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2021 off to a busy start for Assistant Professor Abolfazl Asudeh

Abolfazl Asudeh

Abolfazl Asudeh has had a very productive 2021. The assistant professor, who focuses on aspects of big data and data science, was the invited author for January of the Association for Computing Machinery’s Special Interest Group on Management of Data (ACM SIGMOD) blog. He had a research highlight in the February issue of Communications of the Association for Computing Machinery, and he received a $60,000 Google Research Scholar Award.

The blog post appeared in the very selective, high-profile blog for the data management community, which showcases only a few articles per year on data technology trends by prominent researchers. Responsible data science and algorithmic fairness is Asudeh’s main research focus and the subject of the post, Enabling Responsible Data Science in Practice.

According to Asudeh, data—especially social data—is almost always biased, as it inherently reflects historical perceptions and stereotypes. Data collection and representation methods often introduce additional bias. The effects can be seen in models that are used to predict how likely a defendant is to commit another crime in the future and which consumers will be shown advertisements for various types of housing or jobs, and in models that are used to identify if a person’s eyes are open or closed in photographs.

Asudeh said the first hurdle in developing better models is in defining fairness.

“A major challenge is the gap between social science and data science,” he said. “We as data scientists are good at mathematics and algorithms. But if we say, ‘define fairness, formally,’ every social scientist has their own perspective, and they are contradictory. So, it is challenging to mathematically define fairness.”

Laws and regulations governing technology have not kept up, and using biased data without paying attention to societal impacts can create a feedback loop and even amplify discrimination.

Asudeh says enabling responsible and ethical practices of data science requires a pipeline of user-friendly tools for data preparation, algorithm design, and generating fitness-for-use signals that would provide immediate feedback about the applicability of a dataset, an algorithm, or a machine learning model being used for the particular task. New, fairer models require human oversight.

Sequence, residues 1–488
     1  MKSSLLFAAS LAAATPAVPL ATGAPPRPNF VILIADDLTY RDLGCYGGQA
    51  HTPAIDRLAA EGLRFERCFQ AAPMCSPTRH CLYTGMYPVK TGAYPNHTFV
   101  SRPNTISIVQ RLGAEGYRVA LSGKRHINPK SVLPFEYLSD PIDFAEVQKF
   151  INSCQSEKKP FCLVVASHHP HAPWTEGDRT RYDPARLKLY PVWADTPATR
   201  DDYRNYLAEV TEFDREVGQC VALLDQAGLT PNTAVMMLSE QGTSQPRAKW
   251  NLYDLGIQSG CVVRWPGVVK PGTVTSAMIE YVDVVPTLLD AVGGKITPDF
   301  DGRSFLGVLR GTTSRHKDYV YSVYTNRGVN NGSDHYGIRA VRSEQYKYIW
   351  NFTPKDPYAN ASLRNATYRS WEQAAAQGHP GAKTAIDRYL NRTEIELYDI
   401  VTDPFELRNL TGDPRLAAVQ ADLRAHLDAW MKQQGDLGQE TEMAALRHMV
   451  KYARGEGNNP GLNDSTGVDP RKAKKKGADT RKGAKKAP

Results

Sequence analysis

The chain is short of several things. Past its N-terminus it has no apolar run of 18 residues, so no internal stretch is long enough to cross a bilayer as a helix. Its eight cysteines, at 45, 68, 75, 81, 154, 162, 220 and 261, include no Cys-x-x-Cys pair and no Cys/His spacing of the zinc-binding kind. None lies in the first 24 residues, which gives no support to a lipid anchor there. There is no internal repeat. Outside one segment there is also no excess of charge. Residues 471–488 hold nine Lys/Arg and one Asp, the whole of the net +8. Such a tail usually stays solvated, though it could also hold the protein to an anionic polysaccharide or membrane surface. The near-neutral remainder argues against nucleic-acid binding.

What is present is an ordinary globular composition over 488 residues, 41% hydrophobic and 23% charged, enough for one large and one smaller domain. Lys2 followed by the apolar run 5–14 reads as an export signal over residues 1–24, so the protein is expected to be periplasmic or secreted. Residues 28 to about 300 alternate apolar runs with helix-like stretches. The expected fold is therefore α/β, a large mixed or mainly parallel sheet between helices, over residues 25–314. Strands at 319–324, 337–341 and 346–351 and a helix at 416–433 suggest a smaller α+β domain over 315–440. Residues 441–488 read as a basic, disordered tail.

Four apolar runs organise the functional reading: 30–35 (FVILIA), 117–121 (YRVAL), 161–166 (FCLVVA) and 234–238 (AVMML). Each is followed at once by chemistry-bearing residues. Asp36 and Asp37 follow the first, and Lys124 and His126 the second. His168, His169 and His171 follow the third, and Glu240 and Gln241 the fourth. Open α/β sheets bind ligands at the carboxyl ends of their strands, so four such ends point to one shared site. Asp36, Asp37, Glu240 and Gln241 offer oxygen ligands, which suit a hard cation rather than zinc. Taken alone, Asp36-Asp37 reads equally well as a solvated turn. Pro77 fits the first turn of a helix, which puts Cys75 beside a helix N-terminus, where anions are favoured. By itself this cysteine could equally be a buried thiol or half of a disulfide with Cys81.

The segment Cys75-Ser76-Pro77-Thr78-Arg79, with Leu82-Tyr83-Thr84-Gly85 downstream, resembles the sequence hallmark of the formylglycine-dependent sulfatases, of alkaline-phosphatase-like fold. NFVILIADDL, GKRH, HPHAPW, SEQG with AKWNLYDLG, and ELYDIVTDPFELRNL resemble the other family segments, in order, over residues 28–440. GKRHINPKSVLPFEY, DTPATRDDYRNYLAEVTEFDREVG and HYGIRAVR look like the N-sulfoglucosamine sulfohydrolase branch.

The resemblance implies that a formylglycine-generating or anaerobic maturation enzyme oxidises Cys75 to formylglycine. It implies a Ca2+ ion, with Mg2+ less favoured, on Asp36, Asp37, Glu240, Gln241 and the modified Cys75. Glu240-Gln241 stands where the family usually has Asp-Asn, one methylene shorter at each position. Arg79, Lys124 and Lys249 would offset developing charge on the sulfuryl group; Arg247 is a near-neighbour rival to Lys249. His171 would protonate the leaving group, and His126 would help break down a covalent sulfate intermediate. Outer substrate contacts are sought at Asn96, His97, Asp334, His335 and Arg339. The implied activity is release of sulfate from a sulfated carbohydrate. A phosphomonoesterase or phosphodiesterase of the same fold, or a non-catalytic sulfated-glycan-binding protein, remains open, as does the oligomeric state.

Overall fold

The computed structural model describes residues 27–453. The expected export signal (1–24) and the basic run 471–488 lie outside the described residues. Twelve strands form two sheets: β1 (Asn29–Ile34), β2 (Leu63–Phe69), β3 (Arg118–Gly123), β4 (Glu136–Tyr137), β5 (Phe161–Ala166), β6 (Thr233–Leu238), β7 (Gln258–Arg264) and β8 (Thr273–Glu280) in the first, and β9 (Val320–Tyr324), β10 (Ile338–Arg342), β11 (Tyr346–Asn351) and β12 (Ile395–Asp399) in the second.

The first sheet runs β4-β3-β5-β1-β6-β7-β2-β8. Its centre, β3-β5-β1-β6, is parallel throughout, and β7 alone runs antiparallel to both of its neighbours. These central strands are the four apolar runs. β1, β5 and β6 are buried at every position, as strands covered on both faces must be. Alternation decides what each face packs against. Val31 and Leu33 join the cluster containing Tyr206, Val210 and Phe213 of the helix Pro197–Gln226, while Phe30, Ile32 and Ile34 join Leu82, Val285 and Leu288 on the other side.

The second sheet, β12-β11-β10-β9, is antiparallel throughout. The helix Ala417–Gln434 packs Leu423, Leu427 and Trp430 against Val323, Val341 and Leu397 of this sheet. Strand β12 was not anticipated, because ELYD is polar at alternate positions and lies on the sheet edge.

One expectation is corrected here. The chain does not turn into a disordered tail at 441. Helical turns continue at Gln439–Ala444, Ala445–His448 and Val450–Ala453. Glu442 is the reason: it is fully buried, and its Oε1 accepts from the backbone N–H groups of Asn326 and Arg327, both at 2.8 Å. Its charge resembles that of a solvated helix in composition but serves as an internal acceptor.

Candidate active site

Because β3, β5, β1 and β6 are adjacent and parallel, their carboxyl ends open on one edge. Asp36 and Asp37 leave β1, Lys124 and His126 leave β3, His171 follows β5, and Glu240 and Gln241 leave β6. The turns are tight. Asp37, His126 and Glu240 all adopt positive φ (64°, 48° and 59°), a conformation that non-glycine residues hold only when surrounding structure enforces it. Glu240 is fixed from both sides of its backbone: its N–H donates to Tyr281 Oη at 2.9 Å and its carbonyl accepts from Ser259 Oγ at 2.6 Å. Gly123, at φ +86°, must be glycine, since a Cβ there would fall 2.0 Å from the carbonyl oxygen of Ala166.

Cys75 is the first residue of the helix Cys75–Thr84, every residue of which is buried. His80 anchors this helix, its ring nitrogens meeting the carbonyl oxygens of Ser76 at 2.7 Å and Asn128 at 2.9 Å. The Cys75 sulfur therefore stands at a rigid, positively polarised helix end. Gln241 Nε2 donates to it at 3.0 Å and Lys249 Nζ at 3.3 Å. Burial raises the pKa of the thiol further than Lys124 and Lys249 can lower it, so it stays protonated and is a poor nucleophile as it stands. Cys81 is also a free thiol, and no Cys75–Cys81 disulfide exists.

“We want to be sure machine learning models are fair and not hurting persons of color, minority groups, or any marginalized people,” Asudeh said.

Asudeh’s Google Research Scholar Award, End-to-end detection of cherry-picked trendlines, begins with the Alfred, Lord Tennyson quote, “A lie which is half a truth is ever the blackest of lies.”

The work focuses on the bane of every reporter’s job; partial truths. Outlets such as Politifact, and others readily identify blatant lies by politicians and others, but more difficult to detect—especially quickly—is a statement that contains a kernel of truth, or a true statement stripped of all context.

Asudeh provided the following statement as an example of cherrypicking: “ the summer of 2012 was colder than the winter of that year.” This was largely false—only 1% of available evidence supports the notion that the summer was in fact colder than the winter that year, so while the statement is indeed based on a portion of the actual data, it certainly isn’t accurate.

“We design efficient algorithms to quickly detect cherry-picking and to mine data in order to find the most accurate statement supported by data,” Asudeh said. “But detecting these half-lies and quickly finding the proof is significantly more challenging than regular fact-checking.”

Asudeh hopes to develop tools that will assist in more quickly putting these partial-truth statements in context, by sweeping data related to the claims.

The Research Highlight in Communications of the ACM, includes Asudeh’s article on Scalable Signal Reconstruction for a Broad Range of Applications, together with a technical review by Professor Zachary G. Ives.

Asudeh worked with AT&T Labs – Research on the signal reconstruction problem with the application in computer networks.

Signal reconstruction problem is an important optimization problem where the objective is to identify a solution to an underdetermined system of linear equations that is closest to a given prior point. It has a substantial number of applications in diverse areas, including network traffic engineering, medical image reconstruction, acoustics, astronomy, and more.

Unfortunately, most of the common approaches for solving the signal reconstruction problem do not scale to large problem sizes.

Asudeh proposes a novel and scalable algorithm for solving this critical problem. He offers multiple optimization steps, enabling scaling to climb from settings of size in the order of a hundred by a thousand, all the way up to a million by a billion on a single machine.

Asudeh directs the Innovative Data Exploration Laboratory (InDeX Lab) at UIC, an academic research group. He credits the great work of the students in his lab in his research and is currently accepting new students.